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Are H-1B Workers Getting Bilked? (And look who's bilking them)

Ohanian Comment: Read this article--and think about who heads State Farm Mutual. Edward B. Rust Jr. is chairman of the board and chief executive officer of State Farm Mutual Automobile Insurance Company, Bloomington, Ill., and the other principal State Farm® affiliates. Rust is so involved in school-bashing alliances that he gets a full-page graphic in Why Is Corporate America Bashing Our Public Schools?

Other Rust titles include: chairmanship of the National Alliance of Business and the Education Task Force for The Business Roundtablel he sits on the boards at McGraw-Hill, Achieve Inc., and the Business-Higher Education Forum.

The Business Coalition for Student Achievement, which Edward Rust co-chairs and the Business Roundtable and the U.S. Chamber of Commerce coordinate, is a cheerleader for the renewal of NCLB.

The Coalition views the No Child Left Behind Act as one of the critical tools needed to transform U.S. education. We are committed to working with Congress and the Administration to strengthen and improve NCLB provisions and funding, while respecting the fundamental features of this historic education law that are designed to raise student achievement and close achievement gaps.

Ensuring that all students graduate academically prepared for college, citizenship and the 21st century workplace â there is perhaps no greater job the U.S. business community can undertake.

Read this article and think about what Edward Rust and his cronies at the Business Roundtable are really up to.

by Moira Herbst

A few years ago, Vishal Goel had high hopes of moving from his native India to the U.S. to work as a computer programmer. He approached Patni Computer Systems, a Mumbai company that provides tech services to many American businesses, and Patni agreed to apply for a U.S. work visa on his behalf. By 2004, Goel was in Bloomington, Ill., working for Patni at State Farm Mutual Automobile Insurance, the largest car insurer in the country.

But this was no dream job come true. Goel's base salary was $23,310, about half the $44,000 that Patni had said it would pay on the visa application, according to a lawsuit he has filed against the company. When Goel complained, one official said that Patni would brand him a "troublemaker" and that his parents in India would be harassed unless he stopped, the suit alleges. Goel, who left Patni in 2005, filed suit in November, 2007, in federal court in Illinois. He's suing along with a former colleague, Peeush Goyal, who alleges he was subjected to similar treatment. Patni declined to comment, though in court documents it denies the charges.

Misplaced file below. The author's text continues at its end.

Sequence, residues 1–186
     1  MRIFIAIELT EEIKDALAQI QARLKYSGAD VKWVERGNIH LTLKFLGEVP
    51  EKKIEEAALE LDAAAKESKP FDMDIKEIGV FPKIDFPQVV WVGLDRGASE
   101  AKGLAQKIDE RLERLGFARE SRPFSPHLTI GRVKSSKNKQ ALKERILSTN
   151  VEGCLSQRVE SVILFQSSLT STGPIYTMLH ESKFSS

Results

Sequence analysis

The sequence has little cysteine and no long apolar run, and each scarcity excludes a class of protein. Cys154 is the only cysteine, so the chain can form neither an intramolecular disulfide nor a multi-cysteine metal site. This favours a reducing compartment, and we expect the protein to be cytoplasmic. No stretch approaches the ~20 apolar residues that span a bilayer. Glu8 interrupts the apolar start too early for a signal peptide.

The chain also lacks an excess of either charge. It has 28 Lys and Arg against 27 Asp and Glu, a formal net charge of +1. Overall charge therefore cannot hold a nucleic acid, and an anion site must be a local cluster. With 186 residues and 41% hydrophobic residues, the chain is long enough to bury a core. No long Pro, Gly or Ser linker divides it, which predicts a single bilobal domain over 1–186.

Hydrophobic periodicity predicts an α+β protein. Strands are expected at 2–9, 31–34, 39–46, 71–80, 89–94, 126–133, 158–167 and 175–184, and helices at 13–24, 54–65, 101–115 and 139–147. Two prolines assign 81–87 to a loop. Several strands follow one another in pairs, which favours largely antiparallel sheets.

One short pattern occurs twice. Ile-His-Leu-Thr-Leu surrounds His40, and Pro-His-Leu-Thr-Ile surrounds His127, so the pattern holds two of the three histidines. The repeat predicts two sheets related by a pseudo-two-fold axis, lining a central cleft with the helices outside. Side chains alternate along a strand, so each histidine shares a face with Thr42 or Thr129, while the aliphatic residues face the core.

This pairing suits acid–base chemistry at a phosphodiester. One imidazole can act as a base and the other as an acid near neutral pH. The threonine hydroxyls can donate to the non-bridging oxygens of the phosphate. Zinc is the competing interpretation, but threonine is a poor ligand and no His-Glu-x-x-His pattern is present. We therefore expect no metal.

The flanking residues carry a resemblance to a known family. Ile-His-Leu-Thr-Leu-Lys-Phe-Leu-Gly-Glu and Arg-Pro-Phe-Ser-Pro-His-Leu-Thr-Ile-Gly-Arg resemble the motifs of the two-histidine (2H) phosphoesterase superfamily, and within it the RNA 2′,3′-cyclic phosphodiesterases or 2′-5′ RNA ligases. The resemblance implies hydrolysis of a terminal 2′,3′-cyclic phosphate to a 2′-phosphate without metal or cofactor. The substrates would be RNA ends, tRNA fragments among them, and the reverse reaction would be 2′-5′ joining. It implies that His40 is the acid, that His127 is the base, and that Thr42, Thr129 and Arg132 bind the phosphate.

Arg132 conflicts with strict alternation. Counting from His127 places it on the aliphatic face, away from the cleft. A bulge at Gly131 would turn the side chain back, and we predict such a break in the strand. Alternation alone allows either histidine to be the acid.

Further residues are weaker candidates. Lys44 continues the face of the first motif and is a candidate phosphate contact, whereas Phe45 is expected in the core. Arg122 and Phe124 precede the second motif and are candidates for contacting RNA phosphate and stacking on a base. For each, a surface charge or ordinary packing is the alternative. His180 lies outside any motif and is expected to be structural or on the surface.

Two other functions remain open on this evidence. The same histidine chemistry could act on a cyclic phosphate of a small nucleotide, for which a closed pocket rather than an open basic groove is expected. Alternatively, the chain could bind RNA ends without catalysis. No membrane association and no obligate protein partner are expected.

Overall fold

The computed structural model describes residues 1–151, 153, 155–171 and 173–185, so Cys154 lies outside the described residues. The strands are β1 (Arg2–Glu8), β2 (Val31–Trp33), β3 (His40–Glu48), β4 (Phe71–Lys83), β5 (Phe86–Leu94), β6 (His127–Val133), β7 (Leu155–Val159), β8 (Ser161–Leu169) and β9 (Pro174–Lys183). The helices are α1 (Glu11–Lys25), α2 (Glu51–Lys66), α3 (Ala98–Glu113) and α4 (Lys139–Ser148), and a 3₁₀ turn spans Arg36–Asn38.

Goel's is not an isolated case. A number of the most active users of the work-visa program, for what are known as H-1B visas, have been accused of underpaying or otherwise mistreating workers. Last year, Patni paid $2.4 million to 607 H-1B visa workers after a Labor Dept. investigation uncovered systematic underpayment of wages. "I highly suspect that these employment practices are widespread among the tech-outsourcing firms," says Ron Hira, assistant professor of public policy at Rochester Institute of Technology, who will testify as an expert witness in the Goel case.

The Goel lawsuit is one of the first filed in U.S. courts by a visa worker against his employer, perhaps because of the murky legal status of such workers. The estimated 500,000 people in the U.S. on H-1Bs are by definition citizens of other nations, and they're usually beholden to employers that can transfer them home at will. The Goel case provides rare insight into how one outfit allegedly has treated workers it brings into the U.S.

In their case, Goel and Goyal say that Patni regularly underpays employees in the U.S. "This forces the same financially strapped individuals ... to incur the expense of retaining an attorney to try and obtain the money to which they are entitled," the suit charges. If workers complain, the plaintiffs say, Patni threatens to sue them. They charge that Patni's motivation is simple greed. "The more H-1B employees that Patni is underpaying, the more total profit that is made by Patni," the suit alleges.